China slams US trade probe as ‘irresponsible'
Washington is “irresponsible” to have launched a formal probe into China’s alleged theft of American intellectual property, Beijing says, calling the accusations “not objective,” according to the Commerce Ministry’s statement.
"China expresses strong dissatisfaction with the United States' unilateral protectionist action,” Reuters cited a ministry spokesman as saying on Monday. The spokesman added that America’s “disregard of World Trade Organization rules and use of domestic law to initiate a trade investigation against China is irresponsible, and its criticism of China is not objective."
On Friday, the US chief trade negotiator, Robert Lighthizer, announced a formal probe into allegations that China was forcing foreign companies to transfer their technology to gain access to the Chinese market, after President Donald Trump ordered his trade representative to consider whether an inquiry was needed.Trump called it “one big move,” and the investigation will look into alleged Chinese intellectual property theft estimated by US officials to cost as much as $600 million.
“We urge the US side to respect the facts, ... respect multilateral principles, and act prudently," Beijing’s statement says, calling on Washington to work on economic cooperation and keep trade relations on a “healthy track.” It also said China will be keeping a close eye on the investigation and will take all appropriate measures to defend its rights and interests.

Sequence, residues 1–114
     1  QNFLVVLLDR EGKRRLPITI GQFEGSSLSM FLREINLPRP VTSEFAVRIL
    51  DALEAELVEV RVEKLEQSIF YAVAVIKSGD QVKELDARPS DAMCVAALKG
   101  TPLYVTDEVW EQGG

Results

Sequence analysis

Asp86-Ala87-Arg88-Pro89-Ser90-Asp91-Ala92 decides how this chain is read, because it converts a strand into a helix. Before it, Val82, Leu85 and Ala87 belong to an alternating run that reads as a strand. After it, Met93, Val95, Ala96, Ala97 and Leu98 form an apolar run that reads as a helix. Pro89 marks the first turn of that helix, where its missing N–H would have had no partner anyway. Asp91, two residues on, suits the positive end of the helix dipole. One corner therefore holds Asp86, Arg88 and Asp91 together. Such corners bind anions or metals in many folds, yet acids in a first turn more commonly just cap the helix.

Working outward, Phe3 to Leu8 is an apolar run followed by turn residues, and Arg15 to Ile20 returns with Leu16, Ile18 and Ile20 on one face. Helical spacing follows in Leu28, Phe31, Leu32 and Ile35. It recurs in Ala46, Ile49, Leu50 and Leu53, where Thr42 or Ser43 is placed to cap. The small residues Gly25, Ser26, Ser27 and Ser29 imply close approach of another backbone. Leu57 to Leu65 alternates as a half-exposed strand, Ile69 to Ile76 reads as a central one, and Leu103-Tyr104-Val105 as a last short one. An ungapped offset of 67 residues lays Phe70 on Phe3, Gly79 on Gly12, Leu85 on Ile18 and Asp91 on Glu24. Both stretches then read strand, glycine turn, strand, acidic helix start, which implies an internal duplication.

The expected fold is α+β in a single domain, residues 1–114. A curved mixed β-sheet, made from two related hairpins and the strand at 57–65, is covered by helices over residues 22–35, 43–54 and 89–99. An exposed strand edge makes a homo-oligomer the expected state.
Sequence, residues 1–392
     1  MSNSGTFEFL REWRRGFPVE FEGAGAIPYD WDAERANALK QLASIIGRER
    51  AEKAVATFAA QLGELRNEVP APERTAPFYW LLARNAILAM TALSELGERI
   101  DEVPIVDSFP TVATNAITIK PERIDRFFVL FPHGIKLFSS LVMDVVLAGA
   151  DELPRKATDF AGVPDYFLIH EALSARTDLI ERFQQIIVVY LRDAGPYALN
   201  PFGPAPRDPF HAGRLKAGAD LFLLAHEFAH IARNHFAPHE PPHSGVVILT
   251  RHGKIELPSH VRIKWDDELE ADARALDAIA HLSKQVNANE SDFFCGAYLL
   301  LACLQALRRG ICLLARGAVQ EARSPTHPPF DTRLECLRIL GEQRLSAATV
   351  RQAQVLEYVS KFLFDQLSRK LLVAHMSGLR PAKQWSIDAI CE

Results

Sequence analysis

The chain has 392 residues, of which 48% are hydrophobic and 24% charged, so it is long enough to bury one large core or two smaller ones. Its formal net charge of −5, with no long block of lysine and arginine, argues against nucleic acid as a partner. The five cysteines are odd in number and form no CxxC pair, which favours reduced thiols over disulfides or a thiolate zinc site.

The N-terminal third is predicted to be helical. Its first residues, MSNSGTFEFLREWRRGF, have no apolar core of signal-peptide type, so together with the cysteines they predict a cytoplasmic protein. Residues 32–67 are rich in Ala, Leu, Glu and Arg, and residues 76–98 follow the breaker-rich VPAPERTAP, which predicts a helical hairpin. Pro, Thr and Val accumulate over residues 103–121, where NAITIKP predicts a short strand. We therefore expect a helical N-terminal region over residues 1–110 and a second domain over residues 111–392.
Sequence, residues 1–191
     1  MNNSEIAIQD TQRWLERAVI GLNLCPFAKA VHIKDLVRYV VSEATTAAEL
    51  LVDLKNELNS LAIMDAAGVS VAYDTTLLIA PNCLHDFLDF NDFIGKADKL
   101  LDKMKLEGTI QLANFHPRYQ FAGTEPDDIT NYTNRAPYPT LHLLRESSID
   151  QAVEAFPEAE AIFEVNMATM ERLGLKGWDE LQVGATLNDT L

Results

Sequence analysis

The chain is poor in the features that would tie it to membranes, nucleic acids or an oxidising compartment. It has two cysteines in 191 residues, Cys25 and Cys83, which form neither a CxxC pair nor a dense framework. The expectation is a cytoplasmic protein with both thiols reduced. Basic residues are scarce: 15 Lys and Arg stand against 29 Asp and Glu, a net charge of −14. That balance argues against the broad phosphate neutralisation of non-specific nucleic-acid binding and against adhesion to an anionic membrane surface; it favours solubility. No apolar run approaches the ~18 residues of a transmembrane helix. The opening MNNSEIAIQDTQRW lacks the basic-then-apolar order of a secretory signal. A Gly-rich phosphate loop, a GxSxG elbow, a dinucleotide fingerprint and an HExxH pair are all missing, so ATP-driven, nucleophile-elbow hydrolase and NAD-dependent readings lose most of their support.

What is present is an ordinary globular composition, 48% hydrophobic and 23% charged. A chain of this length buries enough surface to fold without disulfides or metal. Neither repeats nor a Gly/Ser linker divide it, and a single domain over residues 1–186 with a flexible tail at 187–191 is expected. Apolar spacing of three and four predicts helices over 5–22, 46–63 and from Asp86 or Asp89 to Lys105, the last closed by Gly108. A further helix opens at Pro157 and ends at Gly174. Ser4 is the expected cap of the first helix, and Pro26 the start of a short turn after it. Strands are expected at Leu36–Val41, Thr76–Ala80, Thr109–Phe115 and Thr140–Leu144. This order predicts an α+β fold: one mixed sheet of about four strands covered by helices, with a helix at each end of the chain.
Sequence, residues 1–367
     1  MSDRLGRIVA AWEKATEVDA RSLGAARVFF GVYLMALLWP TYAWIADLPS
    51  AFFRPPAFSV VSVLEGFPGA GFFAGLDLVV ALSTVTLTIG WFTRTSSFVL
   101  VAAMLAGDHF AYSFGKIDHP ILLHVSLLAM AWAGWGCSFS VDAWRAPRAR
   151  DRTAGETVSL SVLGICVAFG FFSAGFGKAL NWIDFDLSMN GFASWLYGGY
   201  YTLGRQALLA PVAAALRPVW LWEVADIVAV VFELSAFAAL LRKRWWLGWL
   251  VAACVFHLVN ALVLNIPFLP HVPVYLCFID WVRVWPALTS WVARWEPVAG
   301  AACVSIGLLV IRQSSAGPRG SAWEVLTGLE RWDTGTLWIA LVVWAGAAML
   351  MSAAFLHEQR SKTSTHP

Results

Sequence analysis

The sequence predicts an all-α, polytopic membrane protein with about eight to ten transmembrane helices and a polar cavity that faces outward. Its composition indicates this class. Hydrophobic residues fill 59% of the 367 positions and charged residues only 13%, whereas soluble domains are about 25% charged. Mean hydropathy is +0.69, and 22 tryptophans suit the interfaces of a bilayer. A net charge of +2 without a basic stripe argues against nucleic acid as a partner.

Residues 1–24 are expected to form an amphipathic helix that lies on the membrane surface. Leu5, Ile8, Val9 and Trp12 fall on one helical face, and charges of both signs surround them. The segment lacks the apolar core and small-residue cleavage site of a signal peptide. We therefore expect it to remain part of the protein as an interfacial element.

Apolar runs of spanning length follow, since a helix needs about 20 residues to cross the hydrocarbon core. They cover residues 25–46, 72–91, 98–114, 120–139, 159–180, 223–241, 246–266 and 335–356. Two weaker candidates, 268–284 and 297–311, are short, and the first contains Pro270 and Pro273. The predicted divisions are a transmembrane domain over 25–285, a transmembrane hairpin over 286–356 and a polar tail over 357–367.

Although China repeatedly denied that such practices exist, more than 20 percent of 100 American companies which took part in a US-China Business Council survey said they were asked to hand over technologies within the past three years in exchange for market access.
With the investigation predicted to last as much as a year, it marks Trump’s first trade action against “unfair” Chinese practices, which supposedly include yuan devaluation and steel dumping in addition to intellectual property theft.
The probe has been launched under Section 301 of the US Trade Act, which allows the American president to unilaterally impose tariffs and trade sanctions on foreign countries engaged in unfair trade practices.
In 2016, US-China trade stood at more than $648 billion, making China the US’s largest trading partner.